Photographer Josephine Sittenfeld has worked on a variety of themes ranging from scenes at a summer camp to moments of tranquility in war-torn Syria. Her pictures have been featured in such prominent publications as The New York Times, People, and Newsweek. For her latest project, entitled “reunion,” which marks the 15th anniversary of her graduation from Princeton, Sittenfeld recently took pictures of several classmates so that she could provide a side-by-side comparison with portraits she had taken of them back in 2000 when they were college juniors. Here’s to aging gracefully!
The story starts in 2000 when Sittenfeld, a junior at Princeton University majoring in photography, decided to snap portraits of several classmates using medium-format film, which she then displayed as part of a photo exhibition.
She eschewed conventional pictures of smiling students in favor of expressions of nonchalance and in some cases a certain melancholy moodiness. Ultimately, the pictures capture mundane moments of college life; students dressed in flannel shirts or flip-flops, and even an empty Doritos bag on the steps outside of a campus building.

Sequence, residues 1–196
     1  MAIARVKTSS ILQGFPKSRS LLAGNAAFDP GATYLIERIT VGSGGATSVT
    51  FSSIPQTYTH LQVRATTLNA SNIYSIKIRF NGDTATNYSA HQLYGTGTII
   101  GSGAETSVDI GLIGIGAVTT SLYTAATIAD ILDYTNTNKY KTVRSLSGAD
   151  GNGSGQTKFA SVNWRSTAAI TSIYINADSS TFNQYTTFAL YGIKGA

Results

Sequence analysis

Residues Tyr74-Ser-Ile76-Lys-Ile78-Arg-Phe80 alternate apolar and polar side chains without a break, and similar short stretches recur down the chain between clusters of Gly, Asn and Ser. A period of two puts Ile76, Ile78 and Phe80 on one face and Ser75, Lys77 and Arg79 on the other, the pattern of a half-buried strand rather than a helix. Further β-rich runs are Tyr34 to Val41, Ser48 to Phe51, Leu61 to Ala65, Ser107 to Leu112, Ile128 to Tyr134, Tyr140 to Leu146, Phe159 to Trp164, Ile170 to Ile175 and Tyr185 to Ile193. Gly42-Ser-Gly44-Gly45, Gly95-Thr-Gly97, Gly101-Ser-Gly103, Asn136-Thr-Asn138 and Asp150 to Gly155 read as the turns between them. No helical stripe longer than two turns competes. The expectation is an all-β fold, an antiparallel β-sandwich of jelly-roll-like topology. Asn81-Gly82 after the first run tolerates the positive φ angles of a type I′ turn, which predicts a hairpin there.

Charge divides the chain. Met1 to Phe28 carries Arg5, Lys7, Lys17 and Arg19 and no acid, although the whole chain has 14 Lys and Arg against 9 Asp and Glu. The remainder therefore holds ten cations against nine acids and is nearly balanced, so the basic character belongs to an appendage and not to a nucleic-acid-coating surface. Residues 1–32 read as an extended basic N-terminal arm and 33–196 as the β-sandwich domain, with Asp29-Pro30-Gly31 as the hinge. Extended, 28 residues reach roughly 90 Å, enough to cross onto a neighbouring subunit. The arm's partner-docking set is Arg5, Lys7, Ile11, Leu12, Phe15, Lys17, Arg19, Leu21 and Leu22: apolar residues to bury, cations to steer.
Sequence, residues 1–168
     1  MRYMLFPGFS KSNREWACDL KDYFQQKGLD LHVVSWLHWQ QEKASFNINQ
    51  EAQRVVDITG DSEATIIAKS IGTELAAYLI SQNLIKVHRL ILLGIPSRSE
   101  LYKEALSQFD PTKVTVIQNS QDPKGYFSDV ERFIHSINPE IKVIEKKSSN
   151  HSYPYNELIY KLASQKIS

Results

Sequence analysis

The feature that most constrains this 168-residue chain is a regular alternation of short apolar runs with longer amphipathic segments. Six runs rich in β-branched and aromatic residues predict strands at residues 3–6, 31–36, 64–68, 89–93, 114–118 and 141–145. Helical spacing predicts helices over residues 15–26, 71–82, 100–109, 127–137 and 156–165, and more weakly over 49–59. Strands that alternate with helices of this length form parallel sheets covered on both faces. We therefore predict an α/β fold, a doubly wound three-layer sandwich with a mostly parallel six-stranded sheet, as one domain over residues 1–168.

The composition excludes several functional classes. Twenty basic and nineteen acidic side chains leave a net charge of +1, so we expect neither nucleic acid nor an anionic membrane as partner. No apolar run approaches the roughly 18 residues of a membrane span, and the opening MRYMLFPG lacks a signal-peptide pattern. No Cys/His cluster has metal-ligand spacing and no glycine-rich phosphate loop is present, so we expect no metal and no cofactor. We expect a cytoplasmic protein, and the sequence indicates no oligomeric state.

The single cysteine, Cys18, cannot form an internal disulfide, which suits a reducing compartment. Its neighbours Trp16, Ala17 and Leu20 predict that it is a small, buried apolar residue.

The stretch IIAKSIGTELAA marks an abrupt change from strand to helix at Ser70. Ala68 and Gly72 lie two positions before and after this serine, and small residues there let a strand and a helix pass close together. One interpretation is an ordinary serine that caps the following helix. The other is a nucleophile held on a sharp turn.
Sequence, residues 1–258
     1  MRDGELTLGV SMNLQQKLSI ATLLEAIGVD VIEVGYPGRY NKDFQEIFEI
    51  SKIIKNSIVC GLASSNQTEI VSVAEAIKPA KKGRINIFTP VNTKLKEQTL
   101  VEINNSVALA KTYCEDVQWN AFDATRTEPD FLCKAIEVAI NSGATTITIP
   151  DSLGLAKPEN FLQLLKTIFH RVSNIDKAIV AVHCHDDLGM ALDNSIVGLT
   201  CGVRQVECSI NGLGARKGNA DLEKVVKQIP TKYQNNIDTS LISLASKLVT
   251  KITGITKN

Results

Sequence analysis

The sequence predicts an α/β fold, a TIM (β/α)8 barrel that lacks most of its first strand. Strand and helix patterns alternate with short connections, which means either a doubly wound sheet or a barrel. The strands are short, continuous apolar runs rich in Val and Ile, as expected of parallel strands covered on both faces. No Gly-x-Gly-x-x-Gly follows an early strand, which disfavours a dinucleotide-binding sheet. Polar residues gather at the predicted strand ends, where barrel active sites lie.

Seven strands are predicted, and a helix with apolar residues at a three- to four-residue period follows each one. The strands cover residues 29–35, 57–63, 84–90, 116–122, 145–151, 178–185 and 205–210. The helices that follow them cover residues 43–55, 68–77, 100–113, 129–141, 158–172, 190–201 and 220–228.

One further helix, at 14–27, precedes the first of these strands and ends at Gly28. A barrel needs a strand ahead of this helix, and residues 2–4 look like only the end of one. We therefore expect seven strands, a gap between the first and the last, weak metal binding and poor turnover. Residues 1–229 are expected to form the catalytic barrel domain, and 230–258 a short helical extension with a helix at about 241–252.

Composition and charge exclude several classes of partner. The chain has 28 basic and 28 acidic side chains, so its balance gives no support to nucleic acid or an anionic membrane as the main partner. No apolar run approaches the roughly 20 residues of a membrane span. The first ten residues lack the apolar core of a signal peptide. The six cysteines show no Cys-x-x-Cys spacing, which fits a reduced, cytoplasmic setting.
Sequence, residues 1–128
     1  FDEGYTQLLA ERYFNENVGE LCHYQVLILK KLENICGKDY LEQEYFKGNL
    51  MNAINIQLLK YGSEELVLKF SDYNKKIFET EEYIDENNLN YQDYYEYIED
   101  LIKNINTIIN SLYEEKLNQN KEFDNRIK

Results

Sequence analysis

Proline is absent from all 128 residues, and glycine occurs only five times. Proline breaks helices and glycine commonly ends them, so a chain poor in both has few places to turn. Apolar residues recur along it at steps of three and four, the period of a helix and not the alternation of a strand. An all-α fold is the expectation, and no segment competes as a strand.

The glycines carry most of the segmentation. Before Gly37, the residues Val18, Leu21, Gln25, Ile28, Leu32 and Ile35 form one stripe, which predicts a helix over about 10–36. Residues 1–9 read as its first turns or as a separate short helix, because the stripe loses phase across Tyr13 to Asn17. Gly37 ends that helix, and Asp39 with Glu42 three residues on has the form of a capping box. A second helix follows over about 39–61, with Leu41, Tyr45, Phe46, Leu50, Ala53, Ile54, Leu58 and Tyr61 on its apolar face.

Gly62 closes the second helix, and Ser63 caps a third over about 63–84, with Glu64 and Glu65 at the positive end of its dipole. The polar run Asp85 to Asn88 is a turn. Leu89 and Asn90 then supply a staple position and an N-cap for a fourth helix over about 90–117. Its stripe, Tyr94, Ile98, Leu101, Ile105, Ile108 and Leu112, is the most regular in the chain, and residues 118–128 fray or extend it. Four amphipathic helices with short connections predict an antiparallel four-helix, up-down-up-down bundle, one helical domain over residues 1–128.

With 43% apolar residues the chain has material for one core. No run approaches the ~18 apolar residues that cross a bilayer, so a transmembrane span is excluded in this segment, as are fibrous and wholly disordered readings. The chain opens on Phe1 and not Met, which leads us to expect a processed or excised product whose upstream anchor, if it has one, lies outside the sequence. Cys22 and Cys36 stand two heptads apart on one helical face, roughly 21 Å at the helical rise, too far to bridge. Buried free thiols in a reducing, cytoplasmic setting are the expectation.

Fast-forward to 2017 and Sittenfeld came upon a brilliant idea: to ask many of her classmates, now celebrating their 15th year graduation reunion, to recreate those portraits, in many cases at the exact same location at Princeton. However, the purpose was not simply to show how one ages physically through the passage of time, but how adulthood changes a person emotionally. The uncertainty about the students’ path of life gives way to life experiences that can now be revealed. We see changes in their style of clothing, the frowns have been replaced with relaxed smiles, and in one photo we see one of the subjects is now a father. They are free to look back with fond nostalgia while feeling satisfied about their paths in life.